Sunday, 15 April 2012

Why the Titanic is a big deal to Southampton

There are several places that stake a claim to the RMS Titanic, which struck an iceberg one hundred years ago today (twenty minutes before midnight, ship's time) and sunk just over two and a half hours later with over one thousand people still on board. She was built in Belfast, set sail from Southampton, and last stopped at Cobh in Cork (Ireland), then called Queenstown. All three have Titanic museums, including the new Sea City museum in Southampton, which opened recently.

I think that Southampton stands out, however, because the claim is not really about prestige or fame but genuine heart-felt loss. The reason for this is quite simple and horrifying: four fifths of the crew and about a third of the 1514 who died came from the city. This is approaching 0.5% of the population of the city at the time. This is perhaps shown best at the Daily Echo interactive map of the Titanic crew victims and survivors from Southampton:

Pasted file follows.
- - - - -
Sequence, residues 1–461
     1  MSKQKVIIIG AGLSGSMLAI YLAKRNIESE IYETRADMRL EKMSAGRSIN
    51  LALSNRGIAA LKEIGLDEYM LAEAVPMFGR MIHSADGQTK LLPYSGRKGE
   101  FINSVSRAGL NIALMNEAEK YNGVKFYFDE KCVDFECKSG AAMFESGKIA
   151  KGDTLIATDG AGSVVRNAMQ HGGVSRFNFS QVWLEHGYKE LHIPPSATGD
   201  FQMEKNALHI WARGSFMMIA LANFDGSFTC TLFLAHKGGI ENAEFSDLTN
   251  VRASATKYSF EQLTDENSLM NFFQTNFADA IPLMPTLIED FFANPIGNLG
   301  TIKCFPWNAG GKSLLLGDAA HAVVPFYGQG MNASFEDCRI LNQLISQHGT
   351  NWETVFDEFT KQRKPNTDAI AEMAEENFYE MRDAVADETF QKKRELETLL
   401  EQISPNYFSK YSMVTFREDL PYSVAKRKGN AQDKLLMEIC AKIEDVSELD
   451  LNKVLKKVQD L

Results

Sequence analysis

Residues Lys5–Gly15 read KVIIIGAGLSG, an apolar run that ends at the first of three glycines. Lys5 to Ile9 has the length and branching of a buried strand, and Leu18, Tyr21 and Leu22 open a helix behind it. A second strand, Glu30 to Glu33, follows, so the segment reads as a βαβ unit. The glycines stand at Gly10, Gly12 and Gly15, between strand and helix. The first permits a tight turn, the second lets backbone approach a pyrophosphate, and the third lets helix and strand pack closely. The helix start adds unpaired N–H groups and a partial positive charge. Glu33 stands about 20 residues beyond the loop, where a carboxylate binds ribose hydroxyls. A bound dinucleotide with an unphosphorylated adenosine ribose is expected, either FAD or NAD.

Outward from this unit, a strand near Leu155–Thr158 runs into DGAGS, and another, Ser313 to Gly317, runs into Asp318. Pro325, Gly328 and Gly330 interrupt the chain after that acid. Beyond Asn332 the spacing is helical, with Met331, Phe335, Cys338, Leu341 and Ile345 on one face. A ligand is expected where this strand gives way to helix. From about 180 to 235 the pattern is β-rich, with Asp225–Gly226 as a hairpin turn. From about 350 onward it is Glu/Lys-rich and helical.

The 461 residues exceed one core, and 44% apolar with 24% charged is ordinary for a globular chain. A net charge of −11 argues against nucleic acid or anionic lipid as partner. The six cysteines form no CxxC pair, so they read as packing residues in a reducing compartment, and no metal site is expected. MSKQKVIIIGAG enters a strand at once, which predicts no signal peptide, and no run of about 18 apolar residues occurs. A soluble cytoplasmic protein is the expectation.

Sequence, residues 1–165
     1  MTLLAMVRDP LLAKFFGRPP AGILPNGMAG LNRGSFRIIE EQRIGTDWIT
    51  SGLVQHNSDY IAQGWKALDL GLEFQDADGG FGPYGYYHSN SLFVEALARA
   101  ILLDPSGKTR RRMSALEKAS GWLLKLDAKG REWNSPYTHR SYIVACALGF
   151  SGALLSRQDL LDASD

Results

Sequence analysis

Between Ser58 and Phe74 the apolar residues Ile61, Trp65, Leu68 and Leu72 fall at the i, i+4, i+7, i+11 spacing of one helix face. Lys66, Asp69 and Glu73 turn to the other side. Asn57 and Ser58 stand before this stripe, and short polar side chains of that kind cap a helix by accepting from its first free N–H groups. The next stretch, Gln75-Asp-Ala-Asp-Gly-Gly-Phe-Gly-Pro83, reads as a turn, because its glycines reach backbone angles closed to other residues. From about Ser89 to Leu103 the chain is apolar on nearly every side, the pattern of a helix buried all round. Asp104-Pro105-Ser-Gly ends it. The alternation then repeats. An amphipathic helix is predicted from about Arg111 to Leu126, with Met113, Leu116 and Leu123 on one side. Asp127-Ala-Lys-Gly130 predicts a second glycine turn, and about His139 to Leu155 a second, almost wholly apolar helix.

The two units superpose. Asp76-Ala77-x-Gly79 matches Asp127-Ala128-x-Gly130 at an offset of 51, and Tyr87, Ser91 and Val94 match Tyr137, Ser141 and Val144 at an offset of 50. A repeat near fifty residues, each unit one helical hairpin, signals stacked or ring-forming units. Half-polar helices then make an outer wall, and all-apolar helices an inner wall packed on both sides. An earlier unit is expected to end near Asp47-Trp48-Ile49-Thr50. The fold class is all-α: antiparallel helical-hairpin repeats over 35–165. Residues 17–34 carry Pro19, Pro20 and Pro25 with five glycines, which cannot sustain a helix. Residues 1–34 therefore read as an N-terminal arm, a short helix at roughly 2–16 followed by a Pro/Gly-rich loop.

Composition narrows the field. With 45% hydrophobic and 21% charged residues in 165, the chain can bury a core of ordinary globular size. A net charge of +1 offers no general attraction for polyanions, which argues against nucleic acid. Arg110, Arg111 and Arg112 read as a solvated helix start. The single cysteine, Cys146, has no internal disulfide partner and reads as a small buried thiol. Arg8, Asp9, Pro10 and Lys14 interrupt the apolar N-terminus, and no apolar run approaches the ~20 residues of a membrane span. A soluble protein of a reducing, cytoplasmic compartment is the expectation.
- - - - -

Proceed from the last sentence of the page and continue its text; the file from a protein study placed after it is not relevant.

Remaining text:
Another way to put things in perspective: in that one night, Southampton lost almost as many people as during the entire Blitz in World War II. (Southampton was bombed 57 times, destroying or damaging over 45,000 homes!) Some of the individual stories are worse even than this. At Northam School (near the current Saints stadium, St Mary's), for example, almost half of the 250 pupils lost their father in the disaster.

Living in Southampton, therefore, it seemed wrong not to write a short post about it. (Although, not coming from Southampton, I do not really think that I have a true sense of how the impact of the Titanic's loss is still felt.) So next time you are watching Kate and Leo in 3D, spare a thought for Southampton.

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